Energy Efficiency and Jobs: National Grid Shows How it’s Done in Rhode Island

Nov. 14, 2013
We hear all the time about energy efficiency and jobs. Now National Grid has documented exactly how many jobs it has generated through its energy saving investments in Rhode Island. Here’s data from the report that shows job creation, utility contractors and consumer benefits.

Credit: New England Energy Council Institute

National Grid’s energy efficiency effort generated the equivalent of 528 full-time jobs last year in beleaguered Rhode Island, a state with one of the highest unemployment rates in the country, says a recent study.

Total payroll was $27,181,115 and average annual earnings $51,410 per job, according to the study commissioned by National Grid from the New England Clean Energy Council Institute.

Job creation – important everywhere –  is especially crucial in Rhode Island where 9.1 percent of the workforce is unemployed.

National Grid is frequently credited for being one of the largest utility investors in energy efficiency in the US. The utility invested $83 million in Rhode Island energy efficiency initiatives for 2012.

Most of the jobs, more than 300, emerged from undertakings designed to save electricity, rather than natural gas. Electrical efficiency for commercial and industrial businesses generated most of the work, more than 185 jobs, followed by about 98 jobs from residential projects and about 20 from low-income programs, according to the report.

Installers made up most of the workers – auditors, electricians, plumbers, HVAC techs, weatherization workers, and related trade and professional workers. Others were trainers and educators, marketing professionals, engineers and project design specialists, rebate processors, and the like. The report also counted customer support, administrative, finance, IT, and management staff in the job total.

The utility contracts with outside companies to handle installations and other work. In all, 598 companies and agencies were involved in last year’s RI energy efficiency effort, about 71 percent of them based in the state. (The report lists the companies.)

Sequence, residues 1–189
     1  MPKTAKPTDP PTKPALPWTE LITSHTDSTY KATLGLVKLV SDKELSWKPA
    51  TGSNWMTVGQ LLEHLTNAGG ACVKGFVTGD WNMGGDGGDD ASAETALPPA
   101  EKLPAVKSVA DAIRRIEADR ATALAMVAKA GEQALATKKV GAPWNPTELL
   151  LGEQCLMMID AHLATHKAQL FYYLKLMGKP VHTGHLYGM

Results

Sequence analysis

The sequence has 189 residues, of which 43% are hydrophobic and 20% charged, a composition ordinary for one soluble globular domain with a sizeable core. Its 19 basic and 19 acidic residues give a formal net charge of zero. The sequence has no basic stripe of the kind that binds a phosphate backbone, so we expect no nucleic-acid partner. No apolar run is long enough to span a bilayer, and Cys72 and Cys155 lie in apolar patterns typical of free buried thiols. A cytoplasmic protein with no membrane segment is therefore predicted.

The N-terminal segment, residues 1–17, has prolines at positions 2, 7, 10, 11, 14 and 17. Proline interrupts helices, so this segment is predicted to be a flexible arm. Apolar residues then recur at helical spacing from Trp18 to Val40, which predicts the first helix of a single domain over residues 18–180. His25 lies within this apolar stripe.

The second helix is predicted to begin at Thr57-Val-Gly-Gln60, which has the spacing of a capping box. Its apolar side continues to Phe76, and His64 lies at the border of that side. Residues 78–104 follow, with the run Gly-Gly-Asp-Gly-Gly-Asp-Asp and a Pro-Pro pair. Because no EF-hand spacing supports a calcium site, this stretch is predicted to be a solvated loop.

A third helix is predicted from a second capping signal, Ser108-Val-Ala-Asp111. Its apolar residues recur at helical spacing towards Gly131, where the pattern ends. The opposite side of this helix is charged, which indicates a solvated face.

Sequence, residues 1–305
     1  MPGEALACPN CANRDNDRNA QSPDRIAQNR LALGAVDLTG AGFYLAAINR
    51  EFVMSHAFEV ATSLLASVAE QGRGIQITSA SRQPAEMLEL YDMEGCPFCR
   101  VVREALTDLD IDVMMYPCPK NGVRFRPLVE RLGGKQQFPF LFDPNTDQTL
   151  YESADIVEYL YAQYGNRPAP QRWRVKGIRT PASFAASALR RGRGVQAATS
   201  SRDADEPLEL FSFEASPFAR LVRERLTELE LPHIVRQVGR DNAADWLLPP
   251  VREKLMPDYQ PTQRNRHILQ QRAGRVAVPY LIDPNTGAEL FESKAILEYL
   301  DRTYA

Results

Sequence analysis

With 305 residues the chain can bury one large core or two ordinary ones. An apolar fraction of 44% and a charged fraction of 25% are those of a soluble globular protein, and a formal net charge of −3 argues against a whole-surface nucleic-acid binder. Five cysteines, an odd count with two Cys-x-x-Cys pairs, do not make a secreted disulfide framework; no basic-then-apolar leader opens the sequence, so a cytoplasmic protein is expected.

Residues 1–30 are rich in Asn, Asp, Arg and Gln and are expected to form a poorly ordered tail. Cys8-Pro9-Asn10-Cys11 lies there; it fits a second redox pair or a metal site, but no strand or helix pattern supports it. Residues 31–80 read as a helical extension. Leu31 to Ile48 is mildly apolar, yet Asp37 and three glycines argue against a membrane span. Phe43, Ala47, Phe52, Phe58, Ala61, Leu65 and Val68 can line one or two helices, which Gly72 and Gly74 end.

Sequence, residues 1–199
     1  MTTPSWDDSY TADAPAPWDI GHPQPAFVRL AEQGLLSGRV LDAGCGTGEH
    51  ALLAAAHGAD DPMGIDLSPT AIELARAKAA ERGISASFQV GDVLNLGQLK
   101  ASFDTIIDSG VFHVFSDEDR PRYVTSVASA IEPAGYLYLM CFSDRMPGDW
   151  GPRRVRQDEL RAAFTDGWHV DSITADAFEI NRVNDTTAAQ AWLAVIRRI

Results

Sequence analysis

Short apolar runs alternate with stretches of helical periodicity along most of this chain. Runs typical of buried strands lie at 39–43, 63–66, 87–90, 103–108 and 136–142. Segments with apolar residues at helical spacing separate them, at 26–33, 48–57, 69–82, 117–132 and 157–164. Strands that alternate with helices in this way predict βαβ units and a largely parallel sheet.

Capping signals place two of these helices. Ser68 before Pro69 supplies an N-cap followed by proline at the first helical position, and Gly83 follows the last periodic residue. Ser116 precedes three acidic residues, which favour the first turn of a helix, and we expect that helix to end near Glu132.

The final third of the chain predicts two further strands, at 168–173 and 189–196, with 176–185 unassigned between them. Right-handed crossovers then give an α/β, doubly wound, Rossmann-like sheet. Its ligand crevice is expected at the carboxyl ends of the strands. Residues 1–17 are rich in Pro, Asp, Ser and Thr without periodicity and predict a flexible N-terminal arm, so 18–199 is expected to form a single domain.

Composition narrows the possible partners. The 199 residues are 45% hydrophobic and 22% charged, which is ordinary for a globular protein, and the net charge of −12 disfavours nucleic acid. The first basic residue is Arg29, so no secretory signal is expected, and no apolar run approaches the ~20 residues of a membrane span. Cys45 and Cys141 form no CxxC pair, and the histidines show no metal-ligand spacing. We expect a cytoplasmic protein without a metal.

“For more than twenty-five years Rhode Island has led the way in creating innovative energy efficiency programs that have cut our customers’ energy costs and benefited our environment,” said Timothy Horan, president of National Grid in Rhode Island. “Now we have data to prove energy efficiency is helping to drive the state’s economy.”

RI consumers also are expected to see a direct financial gain from the programs in the form of energy bill savings. Over 10 to 14 years, this amounts to about $86 million saved on electricity and $28.2 million saved on natural gas, according to the study.

The programs are funded through a charge on monthly electric and natural gas bills. More than 213,000 Rhode Island customers received energy efficiency incentives and rebates offered by the utility.

Do you have ideas to share about energy efficiency and jobs? Please tell us on our new LinkedIn group, Energy Efficiency Markets.

About the Author

Elisa Wood | Editor-in-Chief

Elisa Wood is an award-winning writer and editor who specializes in the energy industry. She is chief editor and co-founder of Microgrid Knowledge and serves as co-host of the publication’s popular conference series. She also co-founded, where she continues to lead a team of energy writers who produce content for energy companies and advocacy organizations.

She has been writing about energy for more than two decades and is published widely. Her work can be found in prominent energy business journals as well as mainstream publications. She has been quoted by NPR, the Wall Street Journal and other notable media outlets.

“For an especially readable voice in the industry, the most consistent interpreter across these years has been the energy journalist Elisa Wood, whose Microgrid Knowledge (and conference) has aggregated more stories better than any other feed of its time,” wrote Malcolm McCullough, in the book, Downtime on the Microgrid, published by MIT Press in 2020.

Twitter: @ElisaWood

LinkedIn: Elisa Wood

Facebook:  Microgrids